Ahlan wa sahlan: Welcome to south Delhi’s Arab corner

Updated on Sep 15, 2019 09:47 AM IST
In the past five years, Sarita Vihar–Jasola in south Delhi has emerged as a hot spot for those Arabs who visit India for medical treatment. This has spurred the demand for hotels and restaurants offering Arabian food.
Abdullah, a Syrian chef, runs Ya Mal Alsham Syrian Restaurant in south Delhi’s Sarita Vihar.(Burhaan Kinu/HT Photo)
Abdullah, a Syrian chef, runs Ya Mal Alsham Syrian Restaurant in south Delhi’s Sarita Vihar.(Burhaan Kinu/HT Photo)
Hindustan times, New Delhi | By

“Ayn tudu aldhahab ( where would you want to go?)”, taxi driver Rakesh Pratap Singh asks a potential customer in Arabic in a street lined with an array of hotels. Singh is no Arabic enthusiast. It is just that many of his customers in Jasola village speak the language and a few utility sentences in Arabic help him strike a chord with them.

In the nearby Living Style Mall, many establishments — hairdressers, restaurants perfume shops and medical tourism companies have their signboards in Arabic. “Rising number of medical tourists from Middle East has turned this place into Delhi’s little Arabian corner,” says Hassan Khan, founder, Shurouq Global Health, one of the many health tourism companies who run their business from the mall.

In the past five years, Sarita Vihar–Jasola in south Delhi has emerged as a hot spot for those Arabs who visit India for medical treatment. This has spurred the demand for hotels and restaurants offering Arabian food. “There are about 100 hotels, guest houses and apartments here catering to medical tourists. Many people have also listed their apartments with us,” says Khan. From the hotel receptions to drivers to shop attendants, everyone seems to be able to speak a bit of Arabic.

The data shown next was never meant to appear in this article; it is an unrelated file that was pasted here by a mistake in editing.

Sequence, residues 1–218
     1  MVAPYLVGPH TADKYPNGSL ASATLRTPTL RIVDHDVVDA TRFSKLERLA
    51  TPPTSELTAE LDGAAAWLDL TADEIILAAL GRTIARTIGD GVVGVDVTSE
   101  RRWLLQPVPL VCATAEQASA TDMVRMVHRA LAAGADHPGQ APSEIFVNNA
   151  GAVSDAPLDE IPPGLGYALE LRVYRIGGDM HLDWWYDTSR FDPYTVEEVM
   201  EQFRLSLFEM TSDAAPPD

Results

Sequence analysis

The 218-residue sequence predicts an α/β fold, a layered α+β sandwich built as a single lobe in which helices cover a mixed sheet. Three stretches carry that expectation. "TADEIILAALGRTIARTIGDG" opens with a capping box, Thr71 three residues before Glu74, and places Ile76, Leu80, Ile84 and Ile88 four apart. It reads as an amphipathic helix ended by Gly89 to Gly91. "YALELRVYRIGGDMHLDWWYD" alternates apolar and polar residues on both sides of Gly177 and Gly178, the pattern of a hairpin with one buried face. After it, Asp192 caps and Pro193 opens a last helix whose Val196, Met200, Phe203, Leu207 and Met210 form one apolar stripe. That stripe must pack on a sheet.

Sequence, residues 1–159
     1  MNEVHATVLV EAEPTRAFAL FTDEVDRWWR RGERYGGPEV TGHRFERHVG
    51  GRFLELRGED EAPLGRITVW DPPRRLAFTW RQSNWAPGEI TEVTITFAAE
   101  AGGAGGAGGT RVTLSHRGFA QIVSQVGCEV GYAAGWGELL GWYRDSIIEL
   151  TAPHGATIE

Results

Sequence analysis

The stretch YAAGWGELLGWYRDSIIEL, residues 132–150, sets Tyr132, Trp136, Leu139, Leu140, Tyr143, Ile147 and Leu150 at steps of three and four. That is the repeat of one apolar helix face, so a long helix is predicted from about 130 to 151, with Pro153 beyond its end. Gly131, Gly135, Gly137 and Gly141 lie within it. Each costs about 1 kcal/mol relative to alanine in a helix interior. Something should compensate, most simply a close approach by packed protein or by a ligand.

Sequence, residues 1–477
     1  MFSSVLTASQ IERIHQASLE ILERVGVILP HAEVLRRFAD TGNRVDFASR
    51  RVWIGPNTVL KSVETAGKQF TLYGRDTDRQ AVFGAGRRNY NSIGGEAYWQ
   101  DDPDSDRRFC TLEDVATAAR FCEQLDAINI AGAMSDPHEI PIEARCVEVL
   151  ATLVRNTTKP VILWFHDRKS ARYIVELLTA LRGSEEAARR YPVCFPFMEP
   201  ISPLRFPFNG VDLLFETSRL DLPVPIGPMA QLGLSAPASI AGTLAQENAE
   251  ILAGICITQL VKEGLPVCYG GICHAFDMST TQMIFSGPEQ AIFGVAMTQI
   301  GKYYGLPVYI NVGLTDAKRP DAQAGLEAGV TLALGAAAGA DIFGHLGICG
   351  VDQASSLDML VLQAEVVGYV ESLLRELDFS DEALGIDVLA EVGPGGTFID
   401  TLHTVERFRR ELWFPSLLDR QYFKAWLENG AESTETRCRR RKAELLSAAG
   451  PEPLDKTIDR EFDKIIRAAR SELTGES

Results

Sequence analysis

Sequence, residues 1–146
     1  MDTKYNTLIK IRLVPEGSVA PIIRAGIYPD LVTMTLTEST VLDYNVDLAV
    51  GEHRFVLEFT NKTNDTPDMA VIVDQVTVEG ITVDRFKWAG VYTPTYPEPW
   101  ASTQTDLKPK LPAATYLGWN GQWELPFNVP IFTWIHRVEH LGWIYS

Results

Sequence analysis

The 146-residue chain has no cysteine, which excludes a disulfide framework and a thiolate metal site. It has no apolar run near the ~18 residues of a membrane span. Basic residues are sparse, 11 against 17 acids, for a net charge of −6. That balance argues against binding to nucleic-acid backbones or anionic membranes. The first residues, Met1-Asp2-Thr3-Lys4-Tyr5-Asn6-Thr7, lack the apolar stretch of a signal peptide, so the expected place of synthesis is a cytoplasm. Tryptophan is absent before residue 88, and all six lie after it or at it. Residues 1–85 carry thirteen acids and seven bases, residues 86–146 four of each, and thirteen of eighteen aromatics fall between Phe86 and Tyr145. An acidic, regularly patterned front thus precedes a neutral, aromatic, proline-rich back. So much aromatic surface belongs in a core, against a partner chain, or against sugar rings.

Suraj Kohli, who looks after the front office of the Nirvana Suites, a hotel in the area that came up two and a half years back, says, “Eighty per cent of our guests are patients from Gulf countries, and many of them stay from 15 days to 2 months.” Rinto Thomas, marketing manager, at Hotel Hans in Jasola Vihar, which was started three years ago, says, “About 85 per cent of our guests are medical tourists.”

While most of the patients come for major surgeries, many also avail dental treatment at clinics that have come up in recent years in Jasola-Sarita Vihar. “Dental clinics have emerged as an ancillary service. A majority of my patients are Arabs and they come for implants and surgical procedures,” says Dr Mehnaz, who runs Aliya Dental Care in the Living Style Mall.

The growing number of visitors from the Middle East has also given rise to the demand for translators or interpreters— who play a key role in the medical tourism ecosystem in the area. According to an estimate, about 400 translators and interpreters live in nearby Jamia Nagar and Shaheen Bagh.

“A lot of these translators and interpreters act like agents or touts, taking a cut from everyone from hospitals to hotels to restaurants to facilitate the patients,” says the founder of a medical tourism company in the area, who does not wish to be named. “They always shadow their clients. Several foreigners depend heavily on them since they don’t know a second language,” he said.

In Jasola, a local interpreter accompanying someone from Syria, Iraq, Yemen or other Middle Eastern countries or Gulf nations is a common sight. One may spot them at shops, restaurants and hospitals. “ We escort them everywhere from hospitals to shopping to sightseeing. I directly get business from the Arabian countries,” says Riazuddin, an interpreter, at a restaurant called Middle East Cuisine in Jasola. His client, Mohammad Ashoor is from Iraq.